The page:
50 Cent

The 125 Best Rap Singles of 2003

As the industry slowly crumbled, action figures like 50 Cent and Lil Jon rolled off the assembly line with muscular, eardrum-popping sounds.
|

On October 13, 2003, the top 10 of the Billboard Hot 100 consisted of nothing but hip-hop and R&B singles. With a chart topped by Beyoncé featuring Sean Paul’s “Baby Boy,” it was the first all-black Billboard top 10 in history. For a movement that spent decades struggling for acceptance, endured condescension from the same R&B world that now ached to copy its innovations and weathered cultural shifts that too often prioritized violence and conformity over artistic innovation, it must have seemed like an incredible accomplishment. “We’ve obliterated the color line,” an A&M Records executive crowed to the magazine in its October 18, 2003, issue.

The question of how the pop music “color line” has since reasserted itself to the point where no rap acts topped the Hot 100 in 2023 until July 29th — thanks to Latto’s cameo on K-pop singer Jungkook’s “Seven” — is beyond the scope of this essay. Yet even two decades ago, it was clear that a singular achievement in Black music was tempered by growing structural issues in the music industry. Many of the rogue companies that inaugurated the online downloading trade like Napster and Kazaa now sought to make licensing deals with major labels to make money and stave off litigation and criminal indictments. And yet the “illegal” downloads continued, no matter how many lawsuits the RIAA filed.

As the industry slowly crumbled, the rap heroes of 2003 seemed to emerge from a laboratory, a phenomenon 50 Cent parodied in his video for “In Da Club.” The Philip Atwell-directed clip found Eminem and Dr. Dre, clad in lab coats, observing a shirtless, jacked-up Fiddy being rebuilt like The Six Million Dollar Man. He survived being shot nine times (just like 2Pac) and refined his distinctly New York drawl into a smoothly accessible concoction (just like Biggie) while beefing with rival crews (like too many to mention). He paid homage to Southern idioms like Luke’s “It’s Your Birthday” while aligning with Shady/Aftermath, a bi-coastal union that emphasized his universal appeal. He blended it all in Get Rich or Die Tryin’, a mega-hit defined by charismatic braggadocio and untroubled by emotional torment, while building his G-Unit brand with Queens friends Tony Yayo and Lloyd Banks as well as Memphis recruit Young Buck.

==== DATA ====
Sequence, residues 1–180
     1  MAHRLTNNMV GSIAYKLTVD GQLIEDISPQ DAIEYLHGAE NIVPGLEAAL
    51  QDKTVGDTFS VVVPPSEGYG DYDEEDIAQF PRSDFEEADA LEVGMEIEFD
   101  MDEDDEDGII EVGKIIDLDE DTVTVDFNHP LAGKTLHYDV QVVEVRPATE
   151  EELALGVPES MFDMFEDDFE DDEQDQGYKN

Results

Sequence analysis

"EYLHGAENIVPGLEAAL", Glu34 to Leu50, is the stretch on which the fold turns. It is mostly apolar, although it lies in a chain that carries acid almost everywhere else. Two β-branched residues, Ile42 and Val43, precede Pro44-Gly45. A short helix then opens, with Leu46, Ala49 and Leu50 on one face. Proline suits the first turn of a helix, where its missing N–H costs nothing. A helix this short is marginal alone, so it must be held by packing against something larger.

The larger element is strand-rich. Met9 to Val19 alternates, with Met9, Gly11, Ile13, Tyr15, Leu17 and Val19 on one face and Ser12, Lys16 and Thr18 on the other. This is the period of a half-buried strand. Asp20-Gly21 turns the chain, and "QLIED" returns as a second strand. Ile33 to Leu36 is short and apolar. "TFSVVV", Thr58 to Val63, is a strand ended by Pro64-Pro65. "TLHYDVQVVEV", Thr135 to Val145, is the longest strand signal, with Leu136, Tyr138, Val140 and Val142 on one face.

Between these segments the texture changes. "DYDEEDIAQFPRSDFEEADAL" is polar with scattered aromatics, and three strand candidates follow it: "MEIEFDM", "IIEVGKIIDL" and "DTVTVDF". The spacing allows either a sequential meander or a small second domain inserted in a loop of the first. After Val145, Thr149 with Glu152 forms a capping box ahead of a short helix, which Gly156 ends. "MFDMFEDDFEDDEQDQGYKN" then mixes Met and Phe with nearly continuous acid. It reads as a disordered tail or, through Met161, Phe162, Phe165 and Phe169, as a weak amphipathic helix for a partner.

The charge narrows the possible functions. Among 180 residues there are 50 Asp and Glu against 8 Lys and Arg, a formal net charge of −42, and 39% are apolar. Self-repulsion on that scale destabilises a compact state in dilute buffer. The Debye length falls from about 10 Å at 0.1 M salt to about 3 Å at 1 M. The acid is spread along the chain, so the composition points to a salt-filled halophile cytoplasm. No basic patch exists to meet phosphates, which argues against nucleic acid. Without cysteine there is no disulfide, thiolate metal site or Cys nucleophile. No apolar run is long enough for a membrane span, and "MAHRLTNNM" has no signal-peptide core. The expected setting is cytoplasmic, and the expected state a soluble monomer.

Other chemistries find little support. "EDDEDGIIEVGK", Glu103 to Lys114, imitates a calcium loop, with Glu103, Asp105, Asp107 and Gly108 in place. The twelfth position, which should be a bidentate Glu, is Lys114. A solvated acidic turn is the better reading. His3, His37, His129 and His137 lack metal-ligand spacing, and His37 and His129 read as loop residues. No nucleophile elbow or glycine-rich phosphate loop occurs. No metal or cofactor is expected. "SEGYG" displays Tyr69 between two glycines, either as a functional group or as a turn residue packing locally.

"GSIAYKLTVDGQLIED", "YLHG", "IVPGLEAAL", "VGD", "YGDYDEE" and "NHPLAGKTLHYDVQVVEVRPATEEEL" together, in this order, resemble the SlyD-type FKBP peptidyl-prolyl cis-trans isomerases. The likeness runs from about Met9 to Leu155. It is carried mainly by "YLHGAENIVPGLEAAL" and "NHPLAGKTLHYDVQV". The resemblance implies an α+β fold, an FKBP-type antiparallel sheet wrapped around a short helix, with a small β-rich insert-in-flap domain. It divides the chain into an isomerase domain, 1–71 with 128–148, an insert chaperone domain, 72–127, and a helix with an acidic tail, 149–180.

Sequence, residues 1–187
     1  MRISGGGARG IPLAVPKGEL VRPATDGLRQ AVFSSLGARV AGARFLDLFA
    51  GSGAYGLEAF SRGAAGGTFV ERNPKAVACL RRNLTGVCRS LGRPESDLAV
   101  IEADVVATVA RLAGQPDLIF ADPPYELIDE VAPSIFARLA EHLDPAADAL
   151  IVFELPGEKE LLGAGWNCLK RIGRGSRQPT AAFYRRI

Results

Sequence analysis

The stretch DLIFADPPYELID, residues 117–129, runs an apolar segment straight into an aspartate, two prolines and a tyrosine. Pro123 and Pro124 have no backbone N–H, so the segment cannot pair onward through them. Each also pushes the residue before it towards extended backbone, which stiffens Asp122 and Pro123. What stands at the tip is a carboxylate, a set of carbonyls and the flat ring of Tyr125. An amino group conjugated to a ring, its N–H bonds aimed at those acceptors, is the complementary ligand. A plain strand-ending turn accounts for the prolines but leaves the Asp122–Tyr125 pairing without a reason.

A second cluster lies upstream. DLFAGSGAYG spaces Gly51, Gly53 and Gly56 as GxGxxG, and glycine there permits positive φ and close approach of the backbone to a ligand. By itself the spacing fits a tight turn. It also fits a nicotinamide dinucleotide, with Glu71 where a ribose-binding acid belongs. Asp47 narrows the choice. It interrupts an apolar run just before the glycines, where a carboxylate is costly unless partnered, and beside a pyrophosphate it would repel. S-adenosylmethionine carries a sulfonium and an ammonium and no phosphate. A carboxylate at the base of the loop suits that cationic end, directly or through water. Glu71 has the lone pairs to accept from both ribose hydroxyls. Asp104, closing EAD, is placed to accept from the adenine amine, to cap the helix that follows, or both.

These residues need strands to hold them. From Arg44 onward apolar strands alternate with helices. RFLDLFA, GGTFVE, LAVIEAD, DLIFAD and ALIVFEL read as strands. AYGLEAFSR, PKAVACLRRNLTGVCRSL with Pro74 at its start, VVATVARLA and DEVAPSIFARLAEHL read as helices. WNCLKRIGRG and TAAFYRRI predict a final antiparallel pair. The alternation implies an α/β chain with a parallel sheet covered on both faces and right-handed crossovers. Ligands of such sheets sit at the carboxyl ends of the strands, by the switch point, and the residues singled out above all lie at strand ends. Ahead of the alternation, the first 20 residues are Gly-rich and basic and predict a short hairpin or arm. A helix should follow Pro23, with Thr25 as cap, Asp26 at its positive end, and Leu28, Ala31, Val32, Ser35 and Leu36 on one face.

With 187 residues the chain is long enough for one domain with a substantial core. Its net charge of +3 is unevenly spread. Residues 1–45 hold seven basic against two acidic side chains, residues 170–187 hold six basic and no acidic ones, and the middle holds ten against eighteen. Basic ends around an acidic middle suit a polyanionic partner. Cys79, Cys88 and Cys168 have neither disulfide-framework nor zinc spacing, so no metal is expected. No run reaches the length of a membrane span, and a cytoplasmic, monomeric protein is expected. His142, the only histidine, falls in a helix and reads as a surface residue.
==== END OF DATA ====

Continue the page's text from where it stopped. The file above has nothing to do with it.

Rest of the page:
50 Cent led a year where all the men preened and swaggered in throwback sports apparel — and surrounded by bikini-clad video vixens — while comely thug missus dressed in expensive lingerie, ready for a Maxim pinup that could turn on a hard rock’s magic stick. All the big hits rumbled with loud, eardrum-popping sounds. The hot producers of the era, from Timbaland, Swizz Beatz and the Neptunes to Roc-a-Fella specialist Just Blaze and Dipset associates The Heatmakerz, girded their beats with ringing keyboard lines, all the better to shock listeners into submission, while spicing their arrangements with dancehall flavors and disco-funk tones. As evinced by the Billboard charts, the audience seemed to lap it up. But some fans had limits. When Nelly infamously swiped a credit card through a model’s ass in the video for “E.I. (The Tipdrill Remix),” his blatant misogyny generated protests at HBCU campuses.

Then there was Lil Jon, the Atlanta producer who amped up the testosterone and turned dance floors into a cauldron of unbridled energy and thrown elbows. He became the leading symbol of rap’s Southern takeover. The fact that New York talents like Nas and Busta Rhymes clamored to work with him proved the region could no longer be dismissed as a backwater of booty-bass novelty and the occasional star like Ludacris or T.I. It was now a scene — the Dirty States of America — that could yield acclaimed theorists like David Banner as well as unrepentant trappers like Yo Gotti. Plus, much like the West Coast in the previous decade, crunk resonated with the millennial pop audience in a way that Dipset simply didn’t, no matter how many Pabst Blue Ribbon-guzzling hipsters adored Cam’ron’s pink outfits. As for the West Coast itself? The region was earning an unwanted reputation for being in a creative slump. It didn’t matter that hyphy was emerging from the Bay Area. All that mattered were the sales numbers a scene could produce.